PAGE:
Nancy Pagh will read from her winning chapbook, After, along with finalists Lana Hechtman Ayers, Joan Fiset, Steve Quig, and Derek Sheffield.
7 PM
Richard Hugo House
1634 Eleventh Ave

Hope to see you there!


Sunday, September 07, 2008

It's been sunny in Seattle this weekend. Summer's last hurrah? It was such a cool and wet August. We may not even get enough ripe tomatoes for sauce for the first time in . . . er . . . well . . . ever.

Dean and I spent a couple hours cleaning out the garage yesterday. Took a load to the dump and took a load to the shredder. We're thinking of having garage sale in a couple weeks. We'll empty out stuff from the storage locker and the basement (you know you have too much "stuff" when you have to rent a storage locker to store it). Glassware and dishes we never use anymore; framed art that we are tired of; odd pieces of furniture; books; extra garden pots and tools; maybe some of the camping gear, who knows. We did this about 10-12 years ago, and it was incredibly liberating. Hmmmmm.


An interesting essay in Slate about the art of the poetic blurb:
Even if it comes from the most corrupt and sordid favor-trading, grant-grubbing, academic back-scratching sources, it's clear that those who are good at it are so very good at it that their work rises above its origins and deserves special recognition. It is not some degraded adjunct of contemporary poetry but perhaps its very apotheosis. It would be a tragedy to lose the poetry, of course, but to lose the even more brilliant blurbs!


One of my writing groups meets for the first time in a couple months (we took most of the summer off). I am so looking forward to it!, but I have no idea what to bring. I'll spend some time looking through the files today. It's odd, but needing to bring a poem to group usually gets me going to read, revise, and even sometimes to draft something totally new at the last minute. I try to resist the tempation of bringing a totally new poem draft to group, though. It usually ends badly.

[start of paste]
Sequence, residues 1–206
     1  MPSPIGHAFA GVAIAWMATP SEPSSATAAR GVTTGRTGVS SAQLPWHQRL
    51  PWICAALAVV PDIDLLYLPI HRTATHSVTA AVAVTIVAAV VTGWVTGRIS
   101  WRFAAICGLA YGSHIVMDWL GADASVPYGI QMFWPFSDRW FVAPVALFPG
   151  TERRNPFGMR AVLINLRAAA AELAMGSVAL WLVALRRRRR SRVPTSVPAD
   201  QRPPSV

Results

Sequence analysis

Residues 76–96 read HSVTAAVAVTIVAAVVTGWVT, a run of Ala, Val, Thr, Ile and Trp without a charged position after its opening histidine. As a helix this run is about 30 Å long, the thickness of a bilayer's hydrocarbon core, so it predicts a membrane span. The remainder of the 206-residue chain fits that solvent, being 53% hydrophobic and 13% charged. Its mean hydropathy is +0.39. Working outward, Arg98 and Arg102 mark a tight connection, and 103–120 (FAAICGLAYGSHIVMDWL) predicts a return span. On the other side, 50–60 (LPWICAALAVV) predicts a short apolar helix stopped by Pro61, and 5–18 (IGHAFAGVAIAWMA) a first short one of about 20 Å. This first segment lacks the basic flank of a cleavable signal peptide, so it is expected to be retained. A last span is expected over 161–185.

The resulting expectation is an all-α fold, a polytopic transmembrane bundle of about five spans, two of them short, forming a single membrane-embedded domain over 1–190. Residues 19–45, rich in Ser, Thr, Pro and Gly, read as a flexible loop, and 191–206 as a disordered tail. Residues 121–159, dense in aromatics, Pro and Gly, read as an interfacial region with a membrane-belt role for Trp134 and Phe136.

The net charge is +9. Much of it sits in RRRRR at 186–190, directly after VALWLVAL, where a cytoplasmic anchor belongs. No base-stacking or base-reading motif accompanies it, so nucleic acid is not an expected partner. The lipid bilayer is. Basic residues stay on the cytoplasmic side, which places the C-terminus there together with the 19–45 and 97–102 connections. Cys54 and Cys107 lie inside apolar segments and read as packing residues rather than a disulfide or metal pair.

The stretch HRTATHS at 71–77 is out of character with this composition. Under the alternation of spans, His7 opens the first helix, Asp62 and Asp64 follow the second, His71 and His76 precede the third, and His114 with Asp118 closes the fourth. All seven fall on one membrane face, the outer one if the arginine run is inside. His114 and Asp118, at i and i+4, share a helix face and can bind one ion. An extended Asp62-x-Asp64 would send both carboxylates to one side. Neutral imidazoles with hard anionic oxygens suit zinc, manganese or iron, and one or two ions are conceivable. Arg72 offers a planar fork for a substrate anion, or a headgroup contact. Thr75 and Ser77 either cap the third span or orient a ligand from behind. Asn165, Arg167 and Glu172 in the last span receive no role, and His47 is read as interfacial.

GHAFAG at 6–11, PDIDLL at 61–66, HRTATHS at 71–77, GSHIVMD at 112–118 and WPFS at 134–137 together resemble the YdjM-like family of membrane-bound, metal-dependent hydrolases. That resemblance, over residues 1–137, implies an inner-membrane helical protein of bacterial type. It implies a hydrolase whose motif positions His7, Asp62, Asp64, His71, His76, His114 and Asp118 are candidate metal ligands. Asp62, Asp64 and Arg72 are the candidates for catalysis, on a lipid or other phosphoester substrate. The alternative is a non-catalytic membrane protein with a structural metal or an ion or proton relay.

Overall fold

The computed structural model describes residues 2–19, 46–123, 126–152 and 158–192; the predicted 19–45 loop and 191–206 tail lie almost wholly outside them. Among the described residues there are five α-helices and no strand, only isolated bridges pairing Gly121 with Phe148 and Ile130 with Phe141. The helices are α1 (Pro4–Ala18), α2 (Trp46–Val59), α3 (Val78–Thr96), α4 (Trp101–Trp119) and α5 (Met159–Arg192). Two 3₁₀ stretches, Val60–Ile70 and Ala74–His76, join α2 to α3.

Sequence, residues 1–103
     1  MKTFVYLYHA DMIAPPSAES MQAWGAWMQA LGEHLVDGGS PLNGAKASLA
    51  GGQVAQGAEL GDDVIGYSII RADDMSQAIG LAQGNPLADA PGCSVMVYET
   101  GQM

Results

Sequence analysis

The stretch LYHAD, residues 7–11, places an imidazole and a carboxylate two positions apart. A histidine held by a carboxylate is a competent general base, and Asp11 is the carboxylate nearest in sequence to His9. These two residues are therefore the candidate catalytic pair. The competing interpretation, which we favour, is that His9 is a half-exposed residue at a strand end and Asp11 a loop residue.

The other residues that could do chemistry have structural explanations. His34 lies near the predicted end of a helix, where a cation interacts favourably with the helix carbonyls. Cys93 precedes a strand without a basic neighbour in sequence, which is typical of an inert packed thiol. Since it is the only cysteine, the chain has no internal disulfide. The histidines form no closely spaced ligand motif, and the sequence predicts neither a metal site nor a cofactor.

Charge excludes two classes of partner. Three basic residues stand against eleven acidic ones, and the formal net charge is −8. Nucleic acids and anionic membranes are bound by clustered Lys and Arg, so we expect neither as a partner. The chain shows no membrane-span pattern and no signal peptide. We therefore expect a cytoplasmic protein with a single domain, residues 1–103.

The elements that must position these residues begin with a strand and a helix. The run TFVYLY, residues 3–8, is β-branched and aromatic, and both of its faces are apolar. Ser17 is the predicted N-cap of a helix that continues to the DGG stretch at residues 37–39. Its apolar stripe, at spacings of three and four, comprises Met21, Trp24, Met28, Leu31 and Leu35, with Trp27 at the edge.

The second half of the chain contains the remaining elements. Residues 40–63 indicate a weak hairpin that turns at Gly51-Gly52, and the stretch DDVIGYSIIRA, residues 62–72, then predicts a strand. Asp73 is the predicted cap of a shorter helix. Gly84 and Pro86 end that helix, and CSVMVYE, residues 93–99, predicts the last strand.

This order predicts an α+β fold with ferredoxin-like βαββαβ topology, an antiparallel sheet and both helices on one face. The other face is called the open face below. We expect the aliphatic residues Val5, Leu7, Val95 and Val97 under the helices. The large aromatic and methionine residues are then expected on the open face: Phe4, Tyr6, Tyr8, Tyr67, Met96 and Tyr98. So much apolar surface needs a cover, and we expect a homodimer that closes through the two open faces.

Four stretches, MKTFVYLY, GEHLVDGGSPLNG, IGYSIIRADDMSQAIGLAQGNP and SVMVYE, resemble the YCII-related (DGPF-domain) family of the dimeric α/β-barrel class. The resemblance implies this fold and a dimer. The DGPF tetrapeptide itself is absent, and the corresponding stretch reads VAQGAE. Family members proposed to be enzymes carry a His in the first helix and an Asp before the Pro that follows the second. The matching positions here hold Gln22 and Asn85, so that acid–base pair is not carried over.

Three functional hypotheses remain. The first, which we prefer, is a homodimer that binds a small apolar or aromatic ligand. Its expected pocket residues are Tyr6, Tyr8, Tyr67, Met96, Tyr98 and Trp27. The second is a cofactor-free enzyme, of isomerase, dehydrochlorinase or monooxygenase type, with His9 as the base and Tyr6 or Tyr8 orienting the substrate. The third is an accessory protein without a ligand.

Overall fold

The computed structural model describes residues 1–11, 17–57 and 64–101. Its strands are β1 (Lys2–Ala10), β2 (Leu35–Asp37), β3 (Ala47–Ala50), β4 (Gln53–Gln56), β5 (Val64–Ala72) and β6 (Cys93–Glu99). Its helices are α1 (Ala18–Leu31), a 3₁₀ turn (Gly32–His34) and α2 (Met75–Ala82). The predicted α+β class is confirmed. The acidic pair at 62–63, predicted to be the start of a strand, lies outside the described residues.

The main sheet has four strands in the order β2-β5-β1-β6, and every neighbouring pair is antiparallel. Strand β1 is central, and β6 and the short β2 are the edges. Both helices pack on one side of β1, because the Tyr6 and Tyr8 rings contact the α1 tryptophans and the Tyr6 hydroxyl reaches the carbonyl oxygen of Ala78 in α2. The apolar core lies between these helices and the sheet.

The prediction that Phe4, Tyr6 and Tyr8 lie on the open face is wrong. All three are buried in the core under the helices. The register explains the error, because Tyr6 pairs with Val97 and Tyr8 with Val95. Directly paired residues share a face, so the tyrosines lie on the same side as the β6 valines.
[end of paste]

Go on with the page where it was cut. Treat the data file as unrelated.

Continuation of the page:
Saturday, September 06, 2008

This little ditty from The Stranger is just too funny!
Enjoy (click to enlarge):

Thursday, September 04, 2008

I was going to read a couple poems from Ted Genoways' new book, Anna, washing, before my afternoon nap today. But I ended up reading the whole book from cover to cover in one sitting. I just couldn't put it down. It's a wonderful sustained historical narrative, a novel told in sonnets, a book-length poem sequence, if you will. Anna of the title is Finnish, and has immigrated with Abe Malm (a boy who was left to her care many years before, when she was 20 and a maid, and is now her husband) to Alaska in the Gold Rush days, carrying an 80lb washing machine on her back. The book tells the story of her and Abe's life together: surviving the Gold Rush by washing the clothes of miners, surviving the land's hardships and a small pox outbreak, other illnesses and more. It's a love story at heart, but a very different kind of love story. The language is beautiful, and spot on for the time, and reminds me a lot of Melinda Mueller's gorgeous book-length poem about the Shackleton expedition, What the Ice Gets. Though, at times, the strict sonnet form was a little monotonous, for my taste (some are broken up by using cascading lines, and that helps), I really really enjoyed these poems. Highly recommended.
Who says it's only poets that suffer from a typo? Looks like some cake-makers nearly bit the dust because of one:

The error was spotted after printing, letters were sent to subscribers, and inserts were added to store issues. But these warnings didn't reach everyone. One group of people still tried out this horrifically over-nutmegged recipe, and the four suffered poisoning symptoms like dizziness and headaches.

"A poet can survive anything but a misprint." -- Oscar Wilde ...


At least 1.5 million Americans fall prey to hospital error every year. The mistakes aren't exactly minor, either. Between 40,000 and 100,000 people die every year because of shoddy handiwork, including surgical mishaps and drug mix-ups. The death toll from mistakes is at least as bad as that from car accidents or breast cancer, and maybe as bad as that from strokes.


Tuesday, September 02, 2008

This is an interesting story about the fight over Kafka's papers. The Castle is one of my favorite novels of all time. And to think, the world never would have seen it if Max Brod had complied with Kafka's last request to have his papers burned.


Sarah Palin's 17 year old daughter Bristol is pregnant. Hmmmm. The daughter of an anti-choice, right-wing, no-sex-before-marriage, Republican. As Dr. Phil would say: How is that "Abstinence-only" sex education working for you?

Perhaps Palin will do the right thing, and resign her vice presidential nomination, so she can spend more time with her *family.* It sounds like she really needs to.


Monday, September 01, 2008

Great cover, eh?
I have to admit, I am really looking forward to reading it.